I had a great run of a couple of months before starting this new job (teaching creative writing at Plymouth) - and delved deep into writing a new novel, my first one for teenagers.
The other week I woke early one morning, gazed out towards a sunrise, and penned a couple of hundred words. As the crimson sun rose above trees I gazed on, letting the plot structure for the rest of the book assemble in my mind. Last time I did that, I failed to note the ideas down. This time I picked up my pen again and captured them.
At some point in the next few weeks my new run of life should establish a rhythm that lets writing back into it. For now, that old adage one preaches to emerging writers, 'read read read', is taking effect. Books I re-read to teach keep teaching me. Homer's Odyssey took me back into a Hellenic world sympathetic to my own world-view, (alien to the world of my subsequent Judaeo-Christian culture,) in which the natural world plays a wild and natural part. Angela Carter's 'The Loves of Lady Purple' joined with Margaret Atwood's Penelopiad to make me think how the stories we inherit might change our lives, and that sometimes we might need to reinvent those stories in order to move our lives forward.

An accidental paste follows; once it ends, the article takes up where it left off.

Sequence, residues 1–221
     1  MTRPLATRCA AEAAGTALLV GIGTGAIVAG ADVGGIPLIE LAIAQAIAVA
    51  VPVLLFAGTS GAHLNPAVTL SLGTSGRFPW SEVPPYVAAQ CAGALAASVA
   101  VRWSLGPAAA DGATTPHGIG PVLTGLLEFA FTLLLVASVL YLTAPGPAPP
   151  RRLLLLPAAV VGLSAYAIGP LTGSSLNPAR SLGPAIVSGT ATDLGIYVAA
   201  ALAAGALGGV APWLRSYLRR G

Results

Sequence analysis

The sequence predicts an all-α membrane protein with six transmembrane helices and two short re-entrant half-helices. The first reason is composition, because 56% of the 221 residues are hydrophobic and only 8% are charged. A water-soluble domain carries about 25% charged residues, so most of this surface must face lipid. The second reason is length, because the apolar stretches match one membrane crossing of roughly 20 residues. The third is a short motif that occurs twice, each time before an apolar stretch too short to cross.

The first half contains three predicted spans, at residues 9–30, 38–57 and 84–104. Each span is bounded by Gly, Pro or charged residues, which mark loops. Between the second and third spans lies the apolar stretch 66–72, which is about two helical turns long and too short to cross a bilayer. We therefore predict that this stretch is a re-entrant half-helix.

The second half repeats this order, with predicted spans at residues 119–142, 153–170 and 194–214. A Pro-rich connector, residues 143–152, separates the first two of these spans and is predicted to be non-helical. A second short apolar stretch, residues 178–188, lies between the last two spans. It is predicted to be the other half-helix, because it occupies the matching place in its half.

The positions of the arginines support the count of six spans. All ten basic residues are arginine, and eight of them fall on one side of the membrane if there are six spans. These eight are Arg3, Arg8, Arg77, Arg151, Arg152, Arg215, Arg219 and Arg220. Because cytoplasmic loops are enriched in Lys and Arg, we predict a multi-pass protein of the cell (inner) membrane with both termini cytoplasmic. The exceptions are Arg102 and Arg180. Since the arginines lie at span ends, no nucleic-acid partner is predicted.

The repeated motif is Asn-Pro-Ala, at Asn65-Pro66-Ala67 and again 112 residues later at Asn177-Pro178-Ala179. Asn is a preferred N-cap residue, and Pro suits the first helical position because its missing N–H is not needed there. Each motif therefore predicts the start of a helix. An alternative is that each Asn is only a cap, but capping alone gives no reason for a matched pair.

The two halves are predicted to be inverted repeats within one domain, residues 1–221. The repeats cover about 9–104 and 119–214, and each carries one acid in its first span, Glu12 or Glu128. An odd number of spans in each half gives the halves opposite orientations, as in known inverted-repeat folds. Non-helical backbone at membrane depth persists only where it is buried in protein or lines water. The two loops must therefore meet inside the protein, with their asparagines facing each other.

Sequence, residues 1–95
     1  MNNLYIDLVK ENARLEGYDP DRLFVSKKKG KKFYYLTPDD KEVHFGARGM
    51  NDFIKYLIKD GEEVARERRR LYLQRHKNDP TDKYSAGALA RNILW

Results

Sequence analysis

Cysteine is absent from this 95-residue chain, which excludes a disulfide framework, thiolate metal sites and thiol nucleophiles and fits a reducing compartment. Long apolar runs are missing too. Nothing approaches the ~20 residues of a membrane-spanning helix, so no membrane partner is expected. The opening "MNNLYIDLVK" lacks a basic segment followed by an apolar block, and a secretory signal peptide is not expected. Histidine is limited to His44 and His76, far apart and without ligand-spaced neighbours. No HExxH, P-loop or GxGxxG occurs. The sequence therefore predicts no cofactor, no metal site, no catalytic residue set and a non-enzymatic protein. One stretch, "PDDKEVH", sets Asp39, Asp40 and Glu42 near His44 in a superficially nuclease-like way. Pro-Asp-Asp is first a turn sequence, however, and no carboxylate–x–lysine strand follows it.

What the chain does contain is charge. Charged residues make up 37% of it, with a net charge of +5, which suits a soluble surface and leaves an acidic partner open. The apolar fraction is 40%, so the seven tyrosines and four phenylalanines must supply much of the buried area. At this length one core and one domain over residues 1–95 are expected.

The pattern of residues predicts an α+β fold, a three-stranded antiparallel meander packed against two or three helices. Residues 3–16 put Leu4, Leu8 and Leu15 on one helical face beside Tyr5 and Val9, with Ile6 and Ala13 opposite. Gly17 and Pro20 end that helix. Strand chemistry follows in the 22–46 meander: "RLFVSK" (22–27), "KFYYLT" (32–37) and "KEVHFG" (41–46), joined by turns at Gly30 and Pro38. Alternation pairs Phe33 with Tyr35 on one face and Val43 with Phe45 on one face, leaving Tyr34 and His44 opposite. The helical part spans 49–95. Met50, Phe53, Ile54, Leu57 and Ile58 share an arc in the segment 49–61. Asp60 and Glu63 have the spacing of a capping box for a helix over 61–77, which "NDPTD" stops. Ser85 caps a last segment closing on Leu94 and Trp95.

A comment by Philip Pullman impressed me some years ago. Writing for teenagers gives a writer freedom, for children are free to take imaginative bounds, they will cross genres with you. I'm enjoying that freedom ... and I suppose I am also reinventing the story of life, since what my adult world dismissed as fantasy is for me in fact very real. I am working to make that 'fantasy' world real within a book, so that children can inhabit it.
My favourite book as a child was a story about Pegasus the flying horse. I could hear it read to me over and over again. My mother never interrupted her reading to remind that such tales were ridiculous. She enjoyed conjuring me into a world that I found more pleasurable and exciting than my mundane one. So adults don't always decry fantasy. They tell tales about fairies and Father Christmas. Silly for adults, of course, but so fine for children.
In writing for kids, I am refashioning that talent that was imbued in me as an infant, to rejoice in what is scary, magical and remarkable.